While international media focus on all those migrants’ influx to Europe, the phenomenon is a growing one but in between the African regions and countries as from a recent study of the International Organization for Migration relating to an investigation on year 2015. The intra-African migration 2016 streams is here looked at further to Algeria facing Sub Saharan Migration with Difficulty, knowing that demographers consider that migration will be a significant variable of any adjustment up to 2050, due to which 2 or 3 billion additional people are expected whilst the effects of climate change would probably be felt by now with some areas no longer able to feed any additional population.
The best way to go about discussing the topic covered by the proposed article written by Anne-Marie Slaughter, President and Chief Executive Officer, New America and published on Monday 13 February 2017 by the WEF is to recall the failure and eventual collapse [ . . . ]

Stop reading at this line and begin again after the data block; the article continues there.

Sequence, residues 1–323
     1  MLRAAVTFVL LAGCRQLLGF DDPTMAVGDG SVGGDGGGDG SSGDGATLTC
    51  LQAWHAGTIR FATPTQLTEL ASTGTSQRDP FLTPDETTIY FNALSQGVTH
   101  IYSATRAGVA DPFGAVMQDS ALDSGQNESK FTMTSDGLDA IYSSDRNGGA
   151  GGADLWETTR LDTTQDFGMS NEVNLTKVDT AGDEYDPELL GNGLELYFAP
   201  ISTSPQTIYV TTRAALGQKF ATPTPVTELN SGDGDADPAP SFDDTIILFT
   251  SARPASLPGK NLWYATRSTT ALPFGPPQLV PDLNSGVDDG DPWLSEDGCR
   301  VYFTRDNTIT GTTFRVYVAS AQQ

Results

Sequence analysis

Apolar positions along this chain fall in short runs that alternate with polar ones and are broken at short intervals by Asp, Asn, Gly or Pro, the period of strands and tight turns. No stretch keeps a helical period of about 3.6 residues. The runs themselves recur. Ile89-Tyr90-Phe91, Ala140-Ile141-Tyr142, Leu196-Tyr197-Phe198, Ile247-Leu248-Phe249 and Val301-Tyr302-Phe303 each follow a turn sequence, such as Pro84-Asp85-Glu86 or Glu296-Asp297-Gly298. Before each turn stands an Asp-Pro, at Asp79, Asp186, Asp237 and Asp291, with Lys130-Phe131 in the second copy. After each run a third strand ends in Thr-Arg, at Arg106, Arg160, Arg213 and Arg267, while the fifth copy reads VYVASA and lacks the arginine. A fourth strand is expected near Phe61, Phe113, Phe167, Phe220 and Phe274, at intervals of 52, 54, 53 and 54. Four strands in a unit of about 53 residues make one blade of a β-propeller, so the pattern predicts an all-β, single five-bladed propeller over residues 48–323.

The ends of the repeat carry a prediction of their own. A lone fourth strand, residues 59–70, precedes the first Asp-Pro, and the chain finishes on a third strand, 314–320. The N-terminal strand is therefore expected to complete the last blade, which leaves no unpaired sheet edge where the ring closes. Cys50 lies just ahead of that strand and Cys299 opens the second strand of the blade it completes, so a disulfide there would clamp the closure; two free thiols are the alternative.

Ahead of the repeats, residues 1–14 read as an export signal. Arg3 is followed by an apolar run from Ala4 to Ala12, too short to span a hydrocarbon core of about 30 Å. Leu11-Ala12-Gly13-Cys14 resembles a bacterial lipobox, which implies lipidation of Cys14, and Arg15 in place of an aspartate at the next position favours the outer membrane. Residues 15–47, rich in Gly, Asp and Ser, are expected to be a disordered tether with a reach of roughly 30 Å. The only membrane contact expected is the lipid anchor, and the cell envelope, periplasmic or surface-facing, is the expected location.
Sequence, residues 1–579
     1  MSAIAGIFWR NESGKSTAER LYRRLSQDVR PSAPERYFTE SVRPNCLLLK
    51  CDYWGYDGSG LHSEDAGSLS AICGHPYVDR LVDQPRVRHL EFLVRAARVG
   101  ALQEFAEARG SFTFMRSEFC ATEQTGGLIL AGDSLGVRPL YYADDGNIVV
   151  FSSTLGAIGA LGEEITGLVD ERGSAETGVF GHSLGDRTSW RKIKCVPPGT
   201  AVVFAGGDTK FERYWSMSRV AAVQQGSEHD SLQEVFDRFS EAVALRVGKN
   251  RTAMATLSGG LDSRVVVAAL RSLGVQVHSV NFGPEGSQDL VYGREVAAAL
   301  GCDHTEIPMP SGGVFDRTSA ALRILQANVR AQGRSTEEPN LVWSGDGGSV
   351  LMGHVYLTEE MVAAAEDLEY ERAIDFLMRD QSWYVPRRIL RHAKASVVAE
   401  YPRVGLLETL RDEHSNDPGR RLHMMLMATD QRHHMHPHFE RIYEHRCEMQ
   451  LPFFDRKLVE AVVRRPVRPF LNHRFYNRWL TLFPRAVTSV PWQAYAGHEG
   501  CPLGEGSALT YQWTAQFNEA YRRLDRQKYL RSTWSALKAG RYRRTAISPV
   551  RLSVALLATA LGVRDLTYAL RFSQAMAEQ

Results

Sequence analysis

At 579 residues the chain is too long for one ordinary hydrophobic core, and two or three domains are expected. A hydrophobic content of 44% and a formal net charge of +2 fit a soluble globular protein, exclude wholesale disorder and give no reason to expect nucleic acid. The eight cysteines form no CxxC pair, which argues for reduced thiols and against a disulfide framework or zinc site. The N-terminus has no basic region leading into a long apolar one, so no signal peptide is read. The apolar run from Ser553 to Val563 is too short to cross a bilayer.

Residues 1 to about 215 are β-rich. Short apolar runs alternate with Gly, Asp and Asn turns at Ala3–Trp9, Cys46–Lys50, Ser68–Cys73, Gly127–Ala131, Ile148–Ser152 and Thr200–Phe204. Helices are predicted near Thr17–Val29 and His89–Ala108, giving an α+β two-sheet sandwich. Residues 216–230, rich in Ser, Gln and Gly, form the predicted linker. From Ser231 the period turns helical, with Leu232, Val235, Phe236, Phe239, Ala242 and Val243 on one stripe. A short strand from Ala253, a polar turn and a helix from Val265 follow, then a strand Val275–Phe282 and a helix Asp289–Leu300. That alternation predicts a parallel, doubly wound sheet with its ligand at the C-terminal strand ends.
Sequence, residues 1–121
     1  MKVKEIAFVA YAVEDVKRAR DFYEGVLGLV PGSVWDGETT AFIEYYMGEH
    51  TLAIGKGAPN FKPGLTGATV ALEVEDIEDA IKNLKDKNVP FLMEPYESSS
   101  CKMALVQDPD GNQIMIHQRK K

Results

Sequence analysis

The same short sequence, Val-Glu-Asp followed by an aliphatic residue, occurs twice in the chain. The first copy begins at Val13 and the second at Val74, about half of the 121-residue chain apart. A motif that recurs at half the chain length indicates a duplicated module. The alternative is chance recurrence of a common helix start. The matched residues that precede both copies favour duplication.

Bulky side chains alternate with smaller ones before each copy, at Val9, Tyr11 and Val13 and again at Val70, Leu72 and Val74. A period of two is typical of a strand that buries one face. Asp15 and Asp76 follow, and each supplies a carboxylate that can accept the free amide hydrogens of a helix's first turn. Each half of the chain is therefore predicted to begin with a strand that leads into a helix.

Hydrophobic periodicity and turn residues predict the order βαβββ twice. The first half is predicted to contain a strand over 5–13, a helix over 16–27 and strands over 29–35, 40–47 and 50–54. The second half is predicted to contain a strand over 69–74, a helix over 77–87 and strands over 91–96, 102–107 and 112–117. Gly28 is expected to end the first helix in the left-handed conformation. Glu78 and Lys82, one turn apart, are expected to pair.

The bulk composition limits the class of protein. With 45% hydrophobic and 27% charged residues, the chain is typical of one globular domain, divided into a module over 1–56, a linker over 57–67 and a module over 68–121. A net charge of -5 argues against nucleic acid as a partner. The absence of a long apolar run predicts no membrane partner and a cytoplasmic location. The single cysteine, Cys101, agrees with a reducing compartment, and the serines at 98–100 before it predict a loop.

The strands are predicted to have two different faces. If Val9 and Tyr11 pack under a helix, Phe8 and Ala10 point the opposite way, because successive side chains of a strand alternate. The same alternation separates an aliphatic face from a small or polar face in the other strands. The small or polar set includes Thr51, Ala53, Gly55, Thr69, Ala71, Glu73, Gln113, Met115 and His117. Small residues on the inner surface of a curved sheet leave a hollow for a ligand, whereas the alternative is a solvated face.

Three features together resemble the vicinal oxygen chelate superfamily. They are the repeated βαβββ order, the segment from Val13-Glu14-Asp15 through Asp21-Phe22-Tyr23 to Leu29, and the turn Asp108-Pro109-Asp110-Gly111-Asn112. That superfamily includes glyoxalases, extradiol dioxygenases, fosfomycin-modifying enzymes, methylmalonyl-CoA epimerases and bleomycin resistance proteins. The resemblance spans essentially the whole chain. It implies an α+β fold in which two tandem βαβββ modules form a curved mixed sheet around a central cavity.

Corruption is perceived differently in the MENA region countries but is, as it were used differently across these countries. For instance, as per the latest on corruption in the MENA region and in the world report by Berlin-based Transparency International, the Golf monarchies seem to be least affected by this scourge if compared to the so-called republics. All countries are ranked according to their levels of public sector corruption on the basis of around a dozen world institutions such as the World Bank, the IMF, etc. The highest scorers of the MENA in 2016 are as expected member states of the GCC countries with Qatar and the UAE as top notch. The report found that low ranking countries usually have some sort of cause to effect relationship between corruption and inequality. It said these factors lead to unequal power and wealth distribution as contrary to general belief is most found in the republics part of the MENA. Conversely, it highlighted that countries with higher rankings tend to have “higher degrees of press freedom, access to information about public expenditure, stronger standards of integrity for public officials and independent judicial systems.” The report urged leaders [. . .]